In several cases this change was not just a matter of aesthetic choice. Contrary to popular belief the economic factor played a different and more subtle role. Old aromatic ingredients are always cheaper because the methods of synthesis were perfected over the year while the introduction of new artificial molecules was more a matter of new aesthetic ideals that price. When you put a new captive in the formula it is always expensive and will get cheaper only when it will be mass produced (and incorporated in detergents). Things started to go wrong every time when a perfume or a brand became a success. There is an incredible pressure when you sell tones of a fragrance to produced it cheaper.
But there are cases when the change was produced by even more obscure forces, like in the case of some ingredients regulated by IFRA standards. There is a bizarre connection between global economy and ingredients on a bad list.
Since the 60's the production of nitromusks started to move in other countries, less concerned by ecology. The manufacture process was very polluting and by the mid 80's the production took place in India and China. But since the 60's with the arrival of detergents scented with polycyclic musks there was a decline of the nitromusks. Except for fine fragrances, they've lost their appeal. The nitro musks belonged to no one, they were patent free and like anything that is free, cheap and produced outside Europe there was little interest to "protect" them. They almost disappeared from shelves not just because of the official reason but because there was no one left to defend them (and there were many other that musk ambrette, ketone and xylene). The next generation of musks had more performance in detergents, was new and interesting but was also protected by patents filled in the 50's (polycyclic ).
The ecotoxicity of musks was a big debate since the 90's when the trend was freedom + nature + cotton washed transparent scent (read musks). Everybody was aware of musks because they've probably used Jovan Musk Oil in the previous decade. But this ecotoxicity came right in time when the patents did not protect anymore several molecules and there was a need to develop others. (note how many names are for several polymusks!)
Both Indian and Chinese market were free to produce cheaper musks, that were strong competitors for Swiss musks. I'm not sure how much truth is in all those eco reports on the musks but in all cases they fit very well the trend of the moment - green, organic, natural, eco conscious and they fit even better the trend today.
Oakmoss was once produced in former Yugoslavia but the country and its economy were broken into pieces in the 90's. By a symbolic coincidence oakmoss became the bad boy and received several restrictions until it was almost eliminated from modern perfumes (why would you formulate with oakmoss to have trouble next year with a new standard). In fact, on an economic level, there was no one left to fight for the oakmoss. Not even the brands that were either on gourmand or on transparent fashions.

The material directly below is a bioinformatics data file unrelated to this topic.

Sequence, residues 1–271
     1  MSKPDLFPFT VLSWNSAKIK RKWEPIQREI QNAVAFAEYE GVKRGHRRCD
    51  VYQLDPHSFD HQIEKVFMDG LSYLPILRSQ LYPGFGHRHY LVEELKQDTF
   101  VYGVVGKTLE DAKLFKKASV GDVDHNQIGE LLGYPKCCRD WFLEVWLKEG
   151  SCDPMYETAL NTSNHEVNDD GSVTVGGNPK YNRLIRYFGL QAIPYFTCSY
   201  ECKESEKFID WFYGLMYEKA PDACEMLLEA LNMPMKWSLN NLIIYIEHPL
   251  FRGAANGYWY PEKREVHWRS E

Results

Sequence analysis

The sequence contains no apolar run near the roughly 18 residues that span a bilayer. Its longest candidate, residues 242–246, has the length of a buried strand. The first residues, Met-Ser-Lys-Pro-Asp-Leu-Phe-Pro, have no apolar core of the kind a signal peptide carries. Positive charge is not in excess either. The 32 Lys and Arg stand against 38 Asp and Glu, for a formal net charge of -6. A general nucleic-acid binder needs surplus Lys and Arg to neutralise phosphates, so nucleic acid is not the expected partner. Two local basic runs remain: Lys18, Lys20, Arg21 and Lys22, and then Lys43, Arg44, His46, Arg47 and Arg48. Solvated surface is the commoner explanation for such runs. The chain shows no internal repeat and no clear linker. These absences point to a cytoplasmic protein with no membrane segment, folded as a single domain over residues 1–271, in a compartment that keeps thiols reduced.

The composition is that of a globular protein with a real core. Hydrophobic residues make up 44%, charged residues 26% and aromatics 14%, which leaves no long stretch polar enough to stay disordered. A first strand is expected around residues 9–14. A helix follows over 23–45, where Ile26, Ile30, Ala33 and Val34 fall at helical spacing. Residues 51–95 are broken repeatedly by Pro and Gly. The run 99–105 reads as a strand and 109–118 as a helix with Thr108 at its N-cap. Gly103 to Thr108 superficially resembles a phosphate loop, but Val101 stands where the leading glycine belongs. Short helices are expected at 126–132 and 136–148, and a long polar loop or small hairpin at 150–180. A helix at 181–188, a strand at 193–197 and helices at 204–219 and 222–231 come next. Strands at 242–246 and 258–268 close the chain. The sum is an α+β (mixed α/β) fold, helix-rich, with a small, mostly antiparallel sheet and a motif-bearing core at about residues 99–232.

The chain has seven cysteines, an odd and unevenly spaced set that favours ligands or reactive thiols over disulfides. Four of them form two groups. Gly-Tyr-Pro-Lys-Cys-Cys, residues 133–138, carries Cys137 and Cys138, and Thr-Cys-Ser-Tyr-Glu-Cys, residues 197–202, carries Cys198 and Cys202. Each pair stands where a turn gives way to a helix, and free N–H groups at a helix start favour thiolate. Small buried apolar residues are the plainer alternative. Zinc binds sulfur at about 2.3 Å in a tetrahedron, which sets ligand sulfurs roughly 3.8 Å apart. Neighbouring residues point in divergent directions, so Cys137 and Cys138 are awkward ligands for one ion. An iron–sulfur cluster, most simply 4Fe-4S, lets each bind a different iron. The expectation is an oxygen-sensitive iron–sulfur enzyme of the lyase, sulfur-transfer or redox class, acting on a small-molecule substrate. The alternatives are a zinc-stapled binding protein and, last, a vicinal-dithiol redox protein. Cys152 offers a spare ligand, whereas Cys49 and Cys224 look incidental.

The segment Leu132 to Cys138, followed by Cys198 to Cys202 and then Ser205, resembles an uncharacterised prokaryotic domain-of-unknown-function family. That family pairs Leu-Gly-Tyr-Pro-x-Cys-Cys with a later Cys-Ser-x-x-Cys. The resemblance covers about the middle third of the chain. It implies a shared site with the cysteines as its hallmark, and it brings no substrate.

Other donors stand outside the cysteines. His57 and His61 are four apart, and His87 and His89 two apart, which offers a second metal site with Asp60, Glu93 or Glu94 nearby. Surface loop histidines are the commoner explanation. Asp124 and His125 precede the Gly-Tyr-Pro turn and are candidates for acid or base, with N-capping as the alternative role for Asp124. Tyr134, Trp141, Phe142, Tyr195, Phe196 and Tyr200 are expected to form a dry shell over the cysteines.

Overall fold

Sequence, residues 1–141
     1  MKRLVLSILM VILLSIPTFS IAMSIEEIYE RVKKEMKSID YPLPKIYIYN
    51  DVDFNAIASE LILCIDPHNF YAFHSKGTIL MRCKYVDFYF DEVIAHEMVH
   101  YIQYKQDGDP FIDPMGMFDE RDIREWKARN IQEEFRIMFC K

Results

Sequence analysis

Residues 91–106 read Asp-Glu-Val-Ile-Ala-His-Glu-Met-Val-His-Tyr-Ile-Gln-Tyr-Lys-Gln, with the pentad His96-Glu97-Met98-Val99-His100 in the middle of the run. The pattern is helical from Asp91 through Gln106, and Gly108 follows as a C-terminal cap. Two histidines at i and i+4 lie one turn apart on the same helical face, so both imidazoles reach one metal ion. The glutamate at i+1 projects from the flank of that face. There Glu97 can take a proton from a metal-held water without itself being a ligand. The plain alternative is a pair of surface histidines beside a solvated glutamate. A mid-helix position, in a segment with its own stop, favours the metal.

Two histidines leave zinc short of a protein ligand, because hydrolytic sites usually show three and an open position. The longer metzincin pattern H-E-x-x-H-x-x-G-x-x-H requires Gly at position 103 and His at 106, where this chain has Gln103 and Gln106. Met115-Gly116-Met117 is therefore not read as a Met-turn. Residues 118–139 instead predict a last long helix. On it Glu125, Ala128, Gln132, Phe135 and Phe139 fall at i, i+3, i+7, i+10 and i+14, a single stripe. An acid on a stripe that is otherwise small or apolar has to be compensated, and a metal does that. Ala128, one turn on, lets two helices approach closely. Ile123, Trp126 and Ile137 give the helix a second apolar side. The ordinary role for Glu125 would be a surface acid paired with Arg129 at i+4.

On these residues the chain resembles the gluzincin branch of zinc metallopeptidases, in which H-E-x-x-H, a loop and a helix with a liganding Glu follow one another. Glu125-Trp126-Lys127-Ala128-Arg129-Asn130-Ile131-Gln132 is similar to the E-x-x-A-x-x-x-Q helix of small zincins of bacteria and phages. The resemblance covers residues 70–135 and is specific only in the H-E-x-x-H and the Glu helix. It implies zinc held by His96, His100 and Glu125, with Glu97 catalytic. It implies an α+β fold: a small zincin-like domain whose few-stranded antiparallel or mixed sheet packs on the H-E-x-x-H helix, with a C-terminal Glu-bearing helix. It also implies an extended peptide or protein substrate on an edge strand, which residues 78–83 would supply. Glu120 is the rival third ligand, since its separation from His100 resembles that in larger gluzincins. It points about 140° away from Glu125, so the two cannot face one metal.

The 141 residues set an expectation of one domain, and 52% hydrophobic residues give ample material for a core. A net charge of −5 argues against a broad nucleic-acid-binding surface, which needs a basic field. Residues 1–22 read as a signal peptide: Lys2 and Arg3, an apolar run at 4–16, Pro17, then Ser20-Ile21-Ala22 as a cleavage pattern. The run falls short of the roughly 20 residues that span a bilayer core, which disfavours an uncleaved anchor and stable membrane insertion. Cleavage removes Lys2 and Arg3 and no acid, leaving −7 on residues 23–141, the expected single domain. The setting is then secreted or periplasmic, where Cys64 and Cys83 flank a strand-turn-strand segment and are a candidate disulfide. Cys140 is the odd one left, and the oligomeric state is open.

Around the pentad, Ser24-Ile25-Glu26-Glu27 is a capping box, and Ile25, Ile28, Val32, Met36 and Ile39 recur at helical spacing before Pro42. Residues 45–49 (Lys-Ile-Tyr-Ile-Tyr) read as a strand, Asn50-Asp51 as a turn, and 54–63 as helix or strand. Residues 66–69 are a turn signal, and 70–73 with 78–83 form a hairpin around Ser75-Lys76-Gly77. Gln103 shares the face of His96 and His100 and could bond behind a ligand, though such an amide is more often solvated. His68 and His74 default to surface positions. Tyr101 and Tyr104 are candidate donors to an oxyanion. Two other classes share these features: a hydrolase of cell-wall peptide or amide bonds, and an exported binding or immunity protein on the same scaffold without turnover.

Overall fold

Now, the jasmine absolute is like discarded. By another strange coincidence, jasmine is produced now mainly by Muslim countries or in China while the French jasmine is just 2 drops a year. Once, the jasmine was the pride of the French perfumery - it was produced in France, it was expensive and it was used in large amounts. Now, none of those is true anymore. Who would fight for the jasmine? The poor countries that harvest the flower? The several houses that sell jasmine absolute but make their money from other naturals and also fragrance compositions?
In all 3 cases, there was no high economic interest or any kind of interest to fight for the material or to invest more money in further research.
Many other ingredients can be brought to "trial".
My first doubt about the correctness of things came when I checked my collection of ingredient catalogues given over the decades by labs to their perfumers.
We might think that data on allergies or toxicity are new. But this is wrong. Before the launch of any ingredient on the market there were tests and those tests were mentioned in the ingredients data sheets, at least to reassure the perfumer about the safety of a given new material. It is strange to notice that an ingredient was perfectly safe, let's say 5 years ago, and suddenly it becomes problematic.
If you work as a perfumer you can only notice how wrong and bizzare are many things. 2 years ago new vanilla extracts were promoted by many companies, presented to perfumers but also to brands. In a logic understanding this would become a trend and would generate some perfumes containing high doses of beautiful vanilla (we already have them on the market). But now IFRA put an evil eye on vanilla and mainly vanillin and has a clear intention to have a last word on that. Without making (yet) any comment on the subject I am but surprised that one year you are presented the ingredient and the next year you receive the info that your overdosed vanilla perfume will have to be reformulated because of a possible new restriction. Isn't it insane?
What gives me headaches is how quick and without any logic the IFRA standards change. The fact that Serge Lutens perfumes might be subject to change in the years to come are a proof of the absurd of this so called new safety science. A modern fragrance can't become less safe in less than 10 years in a world that is no more at the beggining of chemistry (or any kind of science).
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Fragrance is the 8th Art - Octavian Coifan - Le Parfum est le 8ème Art